Welp, go ahead and add Jeff to the long list of legendary players who use Paiste

Welp, go ahead and add Jeff to the long list of legendary players who use Paiste…

I’m still neck deep in my return to Happy Apple as my favorite music to listen to, but I’ve also continued to dig through all the tunes that John Hammond pointed me to a few weeks ago. I’ve been focusing mainly on tracks featuring Jeff Porcaro, whose reputation as a studio player perhaps exceeds that of any other drummer in history.

Porcaro rules so hard. His groove, his feel, his pocket, his time… whatever term you want to use to describe a drummer’s role in a band… Jeff NAILS it.

My iTunes library has about a dozen records that Porcaro plays on, but a little Youtube searching will reveal almost all of his incredible discography.

A few recommendations/observations:

1) Michael Jackson, Thriller… Though Porcaro is regularly cited as the drummer on this record, he actually only played on 4 tracks: “The Girl Is Mine,” “Beat It,” “Human Nature,” and “The Lady In My Life.” Ndugu Chanceler played the rest of the tunes.

2) Steely Dan, Katy Lied… Jeff plays on all tracks for this record except “Any World” (Hal Blaine on that one). Super cool versatility in these tracks.

2) Donald Fagen, The Nightfly… This is another album where Porcaro plays on only four of the tracks: “Green Flower Street,” “Ruby Baby,” “The Nightfly,” and “The Goodbye Look.”

3) Toto, Toto IV… A legendary record from the legendary band that Porcaro co-founded. Perhaps even more legendary than the band itself is Jeff’s signature swung 16th hihat “shuffle” groove, heard on “Rosanna.” This same groove can also be heard on Airplay’s “Nothin You Can Do About It” and Al Jarreau’s “Breakin Away” (note the awesome and hilarious 80’s absence of the “g” in the “ing” suffix in BOTH of those last two tracks… haha).

4) Also regarding Toto, check out this live clip of Georgy Porgy. I’ve posted it before, but it’s worth posting again. #pocket #danggurl

5) Lastly, and most interestingly, I came across a Q&A page with guitarist/producer Jay Graydon (who worked Porcaro a lot). Check this out! Porcaro didn’t like the click! I mean, the era of his playing makes sense regarding no click, but it makes his consistent time/tempo (displayed on ALL the above-linked tracks) all the more impressive. I underlined the quotes that really stood out to me…

Dear Jay!
I know that you had a chance to record and play with Jeff Porcaro. What are your comments about Jeff as a musician and person. The music world really misses him!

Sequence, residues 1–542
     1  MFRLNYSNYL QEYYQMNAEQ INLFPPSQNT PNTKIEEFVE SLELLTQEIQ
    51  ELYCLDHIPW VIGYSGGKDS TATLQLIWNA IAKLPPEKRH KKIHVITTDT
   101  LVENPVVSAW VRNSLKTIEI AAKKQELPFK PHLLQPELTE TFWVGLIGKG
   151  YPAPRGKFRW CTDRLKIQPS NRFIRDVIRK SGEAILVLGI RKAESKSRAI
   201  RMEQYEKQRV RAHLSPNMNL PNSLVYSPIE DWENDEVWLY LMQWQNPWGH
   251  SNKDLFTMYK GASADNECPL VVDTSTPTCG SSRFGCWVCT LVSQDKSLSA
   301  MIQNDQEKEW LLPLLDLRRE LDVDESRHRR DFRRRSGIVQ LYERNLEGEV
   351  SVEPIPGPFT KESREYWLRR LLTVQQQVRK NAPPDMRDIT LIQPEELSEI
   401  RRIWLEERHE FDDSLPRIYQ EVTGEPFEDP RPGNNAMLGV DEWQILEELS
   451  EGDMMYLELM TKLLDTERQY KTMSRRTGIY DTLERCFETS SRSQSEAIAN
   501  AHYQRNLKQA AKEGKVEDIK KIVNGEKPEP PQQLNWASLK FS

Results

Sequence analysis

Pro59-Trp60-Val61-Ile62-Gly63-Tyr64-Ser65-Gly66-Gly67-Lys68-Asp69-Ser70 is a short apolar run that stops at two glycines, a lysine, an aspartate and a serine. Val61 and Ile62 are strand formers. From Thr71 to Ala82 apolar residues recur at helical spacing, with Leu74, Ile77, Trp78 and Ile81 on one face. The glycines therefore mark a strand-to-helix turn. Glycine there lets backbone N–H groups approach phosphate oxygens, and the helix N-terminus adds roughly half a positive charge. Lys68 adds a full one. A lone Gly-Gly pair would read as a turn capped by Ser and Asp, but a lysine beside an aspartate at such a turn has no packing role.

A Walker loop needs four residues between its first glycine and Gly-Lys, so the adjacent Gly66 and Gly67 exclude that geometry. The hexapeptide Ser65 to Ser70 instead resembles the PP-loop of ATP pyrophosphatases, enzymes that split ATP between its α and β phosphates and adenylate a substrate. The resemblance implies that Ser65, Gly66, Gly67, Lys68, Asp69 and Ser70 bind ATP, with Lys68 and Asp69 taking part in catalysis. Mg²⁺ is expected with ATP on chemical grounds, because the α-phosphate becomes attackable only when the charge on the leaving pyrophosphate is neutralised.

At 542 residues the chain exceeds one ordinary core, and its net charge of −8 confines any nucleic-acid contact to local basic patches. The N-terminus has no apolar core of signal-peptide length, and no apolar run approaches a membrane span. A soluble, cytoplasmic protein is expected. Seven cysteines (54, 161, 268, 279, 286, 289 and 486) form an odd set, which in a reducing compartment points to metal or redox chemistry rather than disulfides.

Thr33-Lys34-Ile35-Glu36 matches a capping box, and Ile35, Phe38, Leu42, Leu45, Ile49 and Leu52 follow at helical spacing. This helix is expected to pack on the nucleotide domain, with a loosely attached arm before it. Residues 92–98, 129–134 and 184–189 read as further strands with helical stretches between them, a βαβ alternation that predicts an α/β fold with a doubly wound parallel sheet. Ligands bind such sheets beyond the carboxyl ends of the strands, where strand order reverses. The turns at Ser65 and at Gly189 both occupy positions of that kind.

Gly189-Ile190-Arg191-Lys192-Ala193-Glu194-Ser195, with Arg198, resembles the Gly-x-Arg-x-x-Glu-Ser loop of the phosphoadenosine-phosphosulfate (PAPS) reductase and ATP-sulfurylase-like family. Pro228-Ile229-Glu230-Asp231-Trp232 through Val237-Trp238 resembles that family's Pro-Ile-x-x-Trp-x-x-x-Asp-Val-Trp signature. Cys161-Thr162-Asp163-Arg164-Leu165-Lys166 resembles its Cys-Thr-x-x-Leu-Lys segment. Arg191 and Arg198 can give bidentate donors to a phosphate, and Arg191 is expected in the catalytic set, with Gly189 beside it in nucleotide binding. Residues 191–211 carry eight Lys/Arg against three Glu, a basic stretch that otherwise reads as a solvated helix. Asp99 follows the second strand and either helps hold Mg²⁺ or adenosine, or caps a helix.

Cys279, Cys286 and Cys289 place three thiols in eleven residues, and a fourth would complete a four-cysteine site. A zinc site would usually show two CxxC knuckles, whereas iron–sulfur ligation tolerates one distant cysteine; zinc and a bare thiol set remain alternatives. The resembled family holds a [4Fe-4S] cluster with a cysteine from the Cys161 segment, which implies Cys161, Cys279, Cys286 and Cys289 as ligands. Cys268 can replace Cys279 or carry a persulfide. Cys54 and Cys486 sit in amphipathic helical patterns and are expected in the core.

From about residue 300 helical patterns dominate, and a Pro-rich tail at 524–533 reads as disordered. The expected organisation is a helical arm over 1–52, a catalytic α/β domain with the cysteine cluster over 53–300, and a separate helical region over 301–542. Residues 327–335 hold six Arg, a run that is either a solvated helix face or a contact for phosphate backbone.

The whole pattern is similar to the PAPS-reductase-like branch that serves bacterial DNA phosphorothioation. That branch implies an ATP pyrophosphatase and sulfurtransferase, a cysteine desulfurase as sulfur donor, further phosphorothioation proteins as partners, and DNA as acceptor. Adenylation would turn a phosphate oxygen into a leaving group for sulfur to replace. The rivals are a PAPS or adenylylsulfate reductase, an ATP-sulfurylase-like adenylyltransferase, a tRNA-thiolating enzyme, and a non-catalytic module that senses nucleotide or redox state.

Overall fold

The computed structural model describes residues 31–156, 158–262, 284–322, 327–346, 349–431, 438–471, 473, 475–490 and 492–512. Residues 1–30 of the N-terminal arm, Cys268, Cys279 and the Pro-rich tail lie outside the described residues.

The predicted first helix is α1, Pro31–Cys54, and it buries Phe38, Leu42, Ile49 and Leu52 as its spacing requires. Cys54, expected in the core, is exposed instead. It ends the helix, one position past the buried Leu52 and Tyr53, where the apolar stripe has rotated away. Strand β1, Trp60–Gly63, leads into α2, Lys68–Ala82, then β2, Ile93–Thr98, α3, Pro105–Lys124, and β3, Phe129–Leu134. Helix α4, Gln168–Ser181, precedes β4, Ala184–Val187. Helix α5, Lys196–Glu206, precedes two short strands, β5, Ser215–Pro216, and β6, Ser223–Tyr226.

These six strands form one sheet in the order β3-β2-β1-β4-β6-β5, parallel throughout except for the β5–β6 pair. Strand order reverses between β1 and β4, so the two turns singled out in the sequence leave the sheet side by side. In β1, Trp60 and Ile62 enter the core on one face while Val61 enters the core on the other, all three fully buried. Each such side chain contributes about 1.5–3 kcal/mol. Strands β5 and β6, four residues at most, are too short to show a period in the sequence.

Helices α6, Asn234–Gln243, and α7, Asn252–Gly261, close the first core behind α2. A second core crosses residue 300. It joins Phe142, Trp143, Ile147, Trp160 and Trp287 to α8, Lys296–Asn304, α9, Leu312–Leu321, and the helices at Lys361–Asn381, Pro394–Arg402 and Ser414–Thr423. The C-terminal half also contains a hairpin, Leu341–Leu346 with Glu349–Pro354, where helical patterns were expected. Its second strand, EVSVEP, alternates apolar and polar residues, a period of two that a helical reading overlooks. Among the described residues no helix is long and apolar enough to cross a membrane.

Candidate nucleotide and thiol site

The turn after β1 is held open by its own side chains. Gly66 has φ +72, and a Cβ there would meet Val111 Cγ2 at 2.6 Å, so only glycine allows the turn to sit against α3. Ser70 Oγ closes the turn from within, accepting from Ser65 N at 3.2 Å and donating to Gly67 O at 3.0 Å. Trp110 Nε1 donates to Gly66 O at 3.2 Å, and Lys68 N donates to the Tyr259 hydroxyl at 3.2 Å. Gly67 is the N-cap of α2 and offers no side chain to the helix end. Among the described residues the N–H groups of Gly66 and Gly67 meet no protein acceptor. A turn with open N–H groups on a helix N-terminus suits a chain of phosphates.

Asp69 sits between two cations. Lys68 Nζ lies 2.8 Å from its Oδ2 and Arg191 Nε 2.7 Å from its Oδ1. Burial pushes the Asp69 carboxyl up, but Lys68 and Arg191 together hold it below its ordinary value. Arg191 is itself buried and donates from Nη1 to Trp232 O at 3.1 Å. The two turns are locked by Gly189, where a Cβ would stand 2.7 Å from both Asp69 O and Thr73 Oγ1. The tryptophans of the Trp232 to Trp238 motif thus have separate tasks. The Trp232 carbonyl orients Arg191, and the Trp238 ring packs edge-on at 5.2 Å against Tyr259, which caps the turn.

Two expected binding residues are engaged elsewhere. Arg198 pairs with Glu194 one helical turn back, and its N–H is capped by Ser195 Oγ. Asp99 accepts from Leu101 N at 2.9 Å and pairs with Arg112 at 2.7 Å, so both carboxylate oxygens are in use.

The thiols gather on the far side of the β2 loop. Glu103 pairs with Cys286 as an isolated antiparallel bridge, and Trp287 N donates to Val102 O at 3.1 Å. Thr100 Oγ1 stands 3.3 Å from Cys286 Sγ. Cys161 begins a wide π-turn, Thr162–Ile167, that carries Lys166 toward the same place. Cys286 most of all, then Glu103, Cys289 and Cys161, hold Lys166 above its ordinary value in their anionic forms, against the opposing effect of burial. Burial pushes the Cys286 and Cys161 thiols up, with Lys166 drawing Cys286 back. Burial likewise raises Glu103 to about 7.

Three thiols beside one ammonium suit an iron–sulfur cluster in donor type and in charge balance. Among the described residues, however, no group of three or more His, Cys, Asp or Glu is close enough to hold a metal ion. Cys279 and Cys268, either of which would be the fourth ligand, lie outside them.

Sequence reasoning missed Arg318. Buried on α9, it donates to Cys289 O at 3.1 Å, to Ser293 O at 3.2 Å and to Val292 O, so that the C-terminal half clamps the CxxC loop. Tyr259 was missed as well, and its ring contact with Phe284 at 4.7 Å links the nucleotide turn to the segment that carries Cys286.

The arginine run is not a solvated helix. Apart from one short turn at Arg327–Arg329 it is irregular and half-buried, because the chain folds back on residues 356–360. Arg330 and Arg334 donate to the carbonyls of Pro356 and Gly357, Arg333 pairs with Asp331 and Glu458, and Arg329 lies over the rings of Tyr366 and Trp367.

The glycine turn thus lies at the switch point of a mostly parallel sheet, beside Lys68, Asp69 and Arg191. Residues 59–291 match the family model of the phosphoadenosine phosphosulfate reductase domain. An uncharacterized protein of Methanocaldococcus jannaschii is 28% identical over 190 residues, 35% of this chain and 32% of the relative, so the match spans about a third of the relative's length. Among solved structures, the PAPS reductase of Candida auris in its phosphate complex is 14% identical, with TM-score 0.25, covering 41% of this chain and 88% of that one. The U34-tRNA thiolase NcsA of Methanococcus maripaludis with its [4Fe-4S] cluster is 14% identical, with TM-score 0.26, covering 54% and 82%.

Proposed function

Love your work! Rod St.Denis

Yo Rod,
Jeff was a drummers drummer! His “feel” was incredible regarding so many “grooves”. He did not consider himself a good “shuffle player” meaning the groove on “NOTHIN YOU CAN DO ABOUT IT” (AIRPLAY), BREAKIN AWAY or MORNIN (Jarreau albums). There are other “shuffle grooves” but these mentioned song grooves fall into a category called “funk-a-shuffle”. Jeff thought he was not that good in this situation. Man, was he wrong! He plays this groove better than anyone ever!
Jeff did not play with a “click” like most studio drummers. He did not totally respect the click and would “float” around it. This is good and bad depending on the band. If the players are top notch, they listen to the drummer first and the click is subliminal. This is most important to keep the feel happening. Drummers like JR and Mike Baird can lock with the click and still feel great. When playing with Jeff, better not to use a click since he played inside the cracks and his time float is what made him great.
Jeff, as a person, was totally unique. Very unpredictable and almost like he was on another planet most of the time. He had no regard for business in general. He did not go to a record date like most players meaning always a good attitude. If the session was boring musically, Jeff did not have patience and would get bugged if the producer would keep making take after take hour after hour. Jeff’s 2nd or 3rd take was his best. He learned the songs on the first run down and rarely got lost.
Yes, Jeff is missed on the planet earth. The good news is that he was here for best “musical rock/pop era” of all time! The best news is that he played on so many great recordings that will be around as long as the planet survives.
Later, Jay